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Sturla Þórðarson (Sturl)

13th century; volume 2; ed. Kari Ellen Gade;

1. Hrynhenda (Hryn) - 21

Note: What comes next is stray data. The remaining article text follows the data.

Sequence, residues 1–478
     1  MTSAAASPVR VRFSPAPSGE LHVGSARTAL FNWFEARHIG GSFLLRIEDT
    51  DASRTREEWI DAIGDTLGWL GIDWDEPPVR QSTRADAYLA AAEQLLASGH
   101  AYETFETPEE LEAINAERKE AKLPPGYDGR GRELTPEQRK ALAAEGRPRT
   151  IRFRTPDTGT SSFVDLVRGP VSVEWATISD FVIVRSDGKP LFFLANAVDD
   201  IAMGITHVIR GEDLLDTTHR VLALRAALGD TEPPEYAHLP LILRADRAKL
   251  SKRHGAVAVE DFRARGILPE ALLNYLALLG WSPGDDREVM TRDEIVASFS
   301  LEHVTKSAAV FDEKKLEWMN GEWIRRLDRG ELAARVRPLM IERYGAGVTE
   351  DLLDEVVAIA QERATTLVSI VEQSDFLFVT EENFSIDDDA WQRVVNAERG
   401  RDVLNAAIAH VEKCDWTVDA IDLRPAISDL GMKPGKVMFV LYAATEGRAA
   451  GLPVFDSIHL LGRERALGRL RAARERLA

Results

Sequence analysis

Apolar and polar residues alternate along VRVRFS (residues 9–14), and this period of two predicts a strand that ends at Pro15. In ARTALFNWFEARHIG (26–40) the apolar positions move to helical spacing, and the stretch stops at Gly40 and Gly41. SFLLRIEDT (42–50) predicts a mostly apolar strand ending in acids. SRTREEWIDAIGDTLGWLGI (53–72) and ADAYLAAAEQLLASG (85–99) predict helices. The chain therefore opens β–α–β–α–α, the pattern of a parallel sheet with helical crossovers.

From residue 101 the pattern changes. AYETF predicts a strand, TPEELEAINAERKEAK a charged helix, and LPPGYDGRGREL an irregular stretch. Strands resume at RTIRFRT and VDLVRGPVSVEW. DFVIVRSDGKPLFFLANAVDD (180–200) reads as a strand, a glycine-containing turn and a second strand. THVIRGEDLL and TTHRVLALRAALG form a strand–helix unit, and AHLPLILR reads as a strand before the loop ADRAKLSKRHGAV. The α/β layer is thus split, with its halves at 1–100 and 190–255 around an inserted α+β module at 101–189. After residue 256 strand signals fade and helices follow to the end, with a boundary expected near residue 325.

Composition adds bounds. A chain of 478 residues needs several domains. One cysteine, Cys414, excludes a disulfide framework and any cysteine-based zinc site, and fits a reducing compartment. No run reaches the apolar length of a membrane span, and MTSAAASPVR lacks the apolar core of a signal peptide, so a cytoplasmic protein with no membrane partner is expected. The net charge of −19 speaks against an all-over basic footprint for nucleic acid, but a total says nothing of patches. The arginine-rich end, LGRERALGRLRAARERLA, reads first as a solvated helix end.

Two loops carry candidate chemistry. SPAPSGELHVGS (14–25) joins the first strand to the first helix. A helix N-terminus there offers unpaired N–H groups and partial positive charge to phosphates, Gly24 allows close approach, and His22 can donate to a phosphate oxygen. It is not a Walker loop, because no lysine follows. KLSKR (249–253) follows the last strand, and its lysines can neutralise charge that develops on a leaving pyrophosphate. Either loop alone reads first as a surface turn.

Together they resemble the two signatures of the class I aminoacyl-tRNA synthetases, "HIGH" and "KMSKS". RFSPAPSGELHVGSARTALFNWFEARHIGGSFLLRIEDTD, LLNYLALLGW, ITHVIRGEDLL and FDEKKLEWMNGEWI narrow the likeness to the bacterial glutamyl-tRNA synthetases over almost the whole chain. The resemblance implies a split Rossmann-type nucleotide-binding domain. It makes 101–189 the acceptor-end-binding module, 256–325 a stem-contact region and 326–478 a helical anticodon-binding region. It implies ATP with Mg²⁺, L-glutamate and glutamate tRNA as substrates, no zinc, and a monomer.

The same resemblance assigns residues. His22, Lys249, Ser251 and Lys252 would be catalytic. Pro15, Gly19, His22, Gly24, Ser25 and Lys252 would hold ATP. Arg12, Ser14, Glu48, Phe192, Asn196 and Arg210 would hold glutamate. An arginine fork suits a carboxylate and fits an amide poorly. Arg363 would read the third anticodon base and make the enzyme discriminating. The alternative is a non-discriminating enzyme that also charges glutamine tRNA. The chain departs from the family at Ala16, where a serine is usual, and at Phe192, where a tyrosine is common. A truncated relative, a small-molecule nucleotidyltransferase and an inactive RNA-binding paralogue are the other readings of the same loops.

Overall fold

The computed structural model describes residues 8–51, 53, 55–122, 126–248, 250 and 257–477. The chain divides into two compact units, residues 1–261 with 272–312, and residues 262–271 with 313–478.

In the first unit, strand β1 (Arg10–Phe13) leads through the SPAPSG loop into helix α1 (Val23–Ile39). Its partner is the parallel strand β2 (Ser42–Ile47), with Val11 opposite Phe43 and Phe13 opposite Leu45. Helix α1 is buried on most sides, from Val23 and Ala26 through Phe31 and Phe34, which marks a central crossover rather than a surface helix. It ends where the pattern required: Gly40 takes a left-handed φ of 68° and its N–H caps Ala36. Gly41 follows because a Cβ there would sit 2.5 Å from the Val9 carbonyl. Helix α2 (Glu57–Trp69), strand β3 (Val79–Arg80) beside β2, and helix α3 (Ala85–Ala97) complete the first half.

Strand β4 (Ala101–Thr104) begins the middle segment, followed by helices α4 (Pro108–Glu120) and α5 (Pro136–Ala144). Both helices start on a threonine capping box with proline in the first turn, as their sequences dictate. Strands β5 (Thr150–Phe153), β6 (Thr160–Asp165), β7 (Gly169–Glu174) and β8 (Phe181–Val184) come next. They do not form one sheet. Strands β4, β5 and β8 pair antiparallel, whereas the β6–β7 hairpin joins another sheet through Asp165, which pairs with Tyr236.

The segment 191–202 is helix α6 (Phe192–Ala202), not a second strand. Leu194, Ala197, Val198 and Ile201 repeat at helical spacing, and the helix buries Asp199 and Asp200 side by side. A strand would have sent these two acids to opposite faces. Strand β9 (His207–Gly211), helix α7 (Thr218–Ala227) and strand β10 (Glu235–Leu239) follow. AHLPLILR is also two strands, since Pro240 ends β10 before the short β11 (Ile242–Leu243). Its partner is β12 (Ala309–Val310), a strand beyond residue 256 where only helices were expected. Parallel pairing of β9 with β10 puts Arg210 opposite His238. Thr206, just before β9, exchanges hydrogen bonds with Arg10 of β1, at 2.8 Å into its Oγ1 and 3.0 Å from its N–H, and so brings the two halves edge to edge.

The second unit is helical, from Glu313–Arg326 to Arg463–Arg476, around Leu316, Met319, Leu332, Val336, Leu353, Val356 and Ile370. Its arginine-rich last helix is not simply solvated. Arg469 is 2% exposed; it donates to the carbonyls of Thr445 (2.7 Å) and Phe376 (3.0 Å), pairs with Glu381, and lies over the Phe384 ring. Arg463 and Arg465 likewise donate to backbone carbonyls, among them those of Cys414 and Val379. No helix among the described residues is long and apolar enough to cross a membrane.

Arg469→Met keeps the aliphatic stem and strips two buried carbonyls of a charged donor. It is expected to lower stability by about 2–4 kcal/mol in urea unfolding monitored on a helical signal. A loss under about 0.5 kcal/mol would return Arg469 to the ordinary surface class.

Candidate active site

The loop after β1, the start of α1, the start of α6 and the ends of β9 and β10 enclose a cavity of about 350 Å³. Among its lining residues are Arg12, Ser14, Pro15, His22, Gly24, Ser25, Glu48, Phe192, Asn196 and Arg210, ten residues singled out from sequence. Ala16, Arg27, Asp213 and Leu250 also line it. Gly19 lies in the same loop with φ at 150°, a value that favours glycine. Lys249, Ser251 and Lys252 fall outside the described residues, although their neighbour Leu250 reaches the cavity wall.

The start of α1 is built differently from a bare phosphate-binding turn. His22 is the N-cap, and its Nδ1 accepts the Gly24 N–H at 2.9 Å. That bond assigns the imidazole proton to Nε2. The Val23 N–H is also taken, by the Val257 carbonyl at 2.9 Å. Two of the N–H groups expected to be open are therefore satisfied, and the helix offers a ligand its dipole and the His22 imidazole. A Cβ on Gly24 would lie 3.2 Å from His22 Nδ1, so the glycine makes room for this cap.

The life of Sturla Þórðarson (Sturl) is chronicled in Sturlunga saga (Stu). He was born on 29 July 1214 as the second son of Þórðr Sturluson and his concubine Þóra, and he was the younger brother of Óláfr hvítaskáld Þórðarson (Ólhv). In his early years he spent much time with his uncle, the poet, historian and lawspeaker Snorri Sturluson (SnSt, d. 1241), and later he took an active part in the events that played out before and after the collapse of the Icel. Commonwealth. Sturla was lawspeaker in Iceland 1251-2 and lawman, appointed by the Norw. king, 1272-82. In 1263 he went to Norway where he met King Magnús lagabœtir ‘Law-mender’ Hákonarson (d. 1280). After an initially very cool reception, the king commissioned him to write the saga of Magnús’s father Hákon Hákonarson (d. 1264) and also that of Magnús himself. Sturla later became the retainer (hirðmaðr, skutilsveinn) of Magnús and brought the law code Járnsíða ‘Ironside’ from Norway to Iceland in 1271. The story of Sturla’s journey to Norway in 1263 and his dealings with Magnús is recounted in Sturlu þáttr (StÞ), preserved in a version of Stu. In addition to the sagas of Hákon Hákonarson (Hák) and the no longer extant saga of his son Magnús lagabœtir (only two leaves are preserved in AM 325 X 4°), Sturla is the author of Íslendinga saga (Ísls) and of a redaction of Landnámabók (Ldn, in AM 107 folˣ = Stˣ). Some scholars believe that he may have been responsible for the extant redaction of Kristni saga (Kristni) (see LH 1894-1901, II, 98-105, 717-43), and he is also mentioned as an informant by the author of Grettis saga Ásmundarsonar (Gr; see ÍF 7, 157, 226, 289). Like his uncle, Snorri, and his brother, Óláfr, Sturla was a prolific poet. According to Skáldatal (SnE 1848-87, III, 256, 260, 272, 279, 384-96), he composed poems in honour of the Norw. kings Hákon Hákonarson and Magnús lagabœtir Hákonarson, and also about the Swed. jarl Birgir Magnússon (d. 1266). Nothing is preserved of Sturla’s panegyrics to the latter, but two sts from his poetry to Magnús are recorded in Hák (see Magnússdrápa (Sturl Magndr) below). The bulk of Sturla’s poetic oeuvre about Hákon Hákonarson is interspersed with the prose in Hák: Hrynhenda (Sturl Hryn), Hákonarkviða (Sturl Hákkv), Hrafnsmál (Sturl Hrafn) and Hákonarflokkr (Sturl Hákfl). In addition to these encomia, Sturla composed poetry about events and dignitaries in Iceland: namely Þverárvísur (Sturl ÞvervIV) and Þorgilsdrápa (Sturl ÞorgdrIV), both of which have been edited in SkP IV. That is also the case with his lvv. (Sturl Lv 1-4IV). One fragment which earlier eds assigned to Hryn (earlier st. 22) has been edited in SkP III as Sturl FragIII. Sturla died on 30 July 1284 and was buried in the Church of S. Peter at Staðarhóll.